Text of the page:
If I looked at how I’ve incorporated this list into my own life, then I won.  I don’t eat donuts except for special occasions, and I only buy them from our favorite donut shop.  I have stopped eating cereal from the soup bowl and instead, I’ve easily transitioned to the smaller dessert bowls.  I don’t eat snacks at work, but apple slices and half a homemade granola bar, if hungry.  I eat only one slice of pizza and no more.

I do, however, drink my mochas and I thoroughly enjoy them.  Especially when they’re paired with a chewy cookie or a slice of cake and topped with marshmallows.  Yes, I do eat baked goods during the week, but I’ve learned this year to portion size – our cakes and pies provide 12 slices rather than 8 and we eat a couple cookies rather than half the batch.  I’ve embraced sugar as my drug of choice, but I want to keep it recreational. 😉

In a lot of ways, I’ve been successful with the resolutions I set for myself last year. I’ve found a bit more balance with diet, exercise and life.  I’ve discovered that I can do things I’ve never dreamed I could, and that success isn’t always dependent on what happens at the end.  I’ve been less hateful of myself – to the point where whole days or even weeks will go by without me hating some body part.

I’ve yet to discover my career path.  I know that my current career is more of a pit-stop and I really need to face my fears.  I’ve yet to shrug off the anxiety that the weight will all come back (and then some).  I also need to focus more on the now and less on the emotions driving me through my days.  So much is lost as I allow myself to be swept along by my feelings.

So, here’s to 2013.  May you be bright.  May you be happy.  And may you be fulfilling.

myyear(image from Pinterest)

(quote in post title from here)

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Living with no regrets.

By Saturday, we’ll be in Europe.  Days are filled with chores, preparations and general day-to-day activities.  Soon, we’ll be indulging in wonderful food and sweets.

 I’m not as nervous about my food and health choices as I thought I’d be – I was more out of sorts on Sunday for Easter dinner than about next week’s potential smorgasbord of choices.

 Vacations are a time for decadence and relaxation. That’s how I’ve always viewed trips.  When I was little, I voiced dismay at packed lunches.  I now appreciate how my parents were trying to make the trip more affordable, but I still take the attitude that vacations should indulge all of your senses.  They aren’t a time to feel stressed about food and exercise.  I don’t plan to go crazy, but I also promise myself a good time.  If I see a croissant that I want in Paris, by golly I’ll buy it and eat it.  I don’t want to leave with regrets about choices that can be righted after I get home.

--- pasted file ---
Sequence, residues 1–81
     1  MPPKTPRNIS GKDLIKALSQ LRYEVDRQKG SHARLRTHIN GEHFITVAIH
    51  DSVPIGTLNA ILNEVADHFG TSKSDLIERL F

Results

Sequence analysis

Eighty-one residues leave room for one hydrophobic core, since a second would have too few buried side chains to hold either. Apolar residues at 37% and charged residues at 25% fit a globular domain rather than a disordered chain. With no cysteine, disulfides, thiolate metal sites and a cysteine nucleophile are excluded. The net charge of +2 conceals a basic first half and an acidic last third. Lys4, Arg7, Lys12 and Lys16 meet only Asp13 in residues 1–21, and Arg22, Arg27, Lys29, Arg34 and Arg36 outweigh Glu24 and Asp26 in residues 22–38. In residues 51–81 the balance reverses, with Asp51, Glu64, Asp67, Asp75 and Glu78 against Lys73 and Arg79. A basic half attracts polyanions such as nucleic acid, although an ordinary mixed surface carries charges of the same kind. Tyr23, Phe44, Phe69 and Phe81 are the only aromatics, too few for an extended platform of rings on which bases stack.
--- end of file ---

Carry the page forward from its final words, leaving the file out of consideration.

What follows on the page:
In a lot of ways, there’s some security in knowing that I’m strong enough not to let the vacation rule my life after the two week period.  Before, I might have been tempted to let the health focus slip completely.  Now, I plan to work in some exercise (walking, maybe even some running) and a dash of restraint (I don’t plan to stuff myself silly).

 We’re even carrying our exercise pants and running shoes!  I might be munching on a pain au chocolat, but at least we’ll be walking it off at the same time.

 The biggest “sacrifice” is actually not health related but bird related.


The little prince

We dropped off Eddy at my parents’ house this Sunday and it’s left a big gap in our home.

 No whistles as you brush your teeth.  No “peekabos” as you wash the dishes.  No dust bombs (vigorous flapping) as you sort through the fridge.

 No cute, fluffy bird when you get home.

 Is it bad that in some ways, I can’t wait until vacation is over?

 Here are a few promises I will make to myself:

  •  I promise to have fun and not to worry.
  • I promise to consider my health.
  • I promise to walk whenever and wherever possible (within reason).
  • I promise to get back on track right when I get home.
  • I promise to make every single calorie count.  I won’t eat “empty” calories just for the sake of it.

Source: via iscribbler on Pinterest


Au revoir, my friends!  When I return, I’ll be bringing you pics of the trip (most of which will be of food!).

Oh, yes.  GO PENS!!!

Source: via Consuela on Pinterest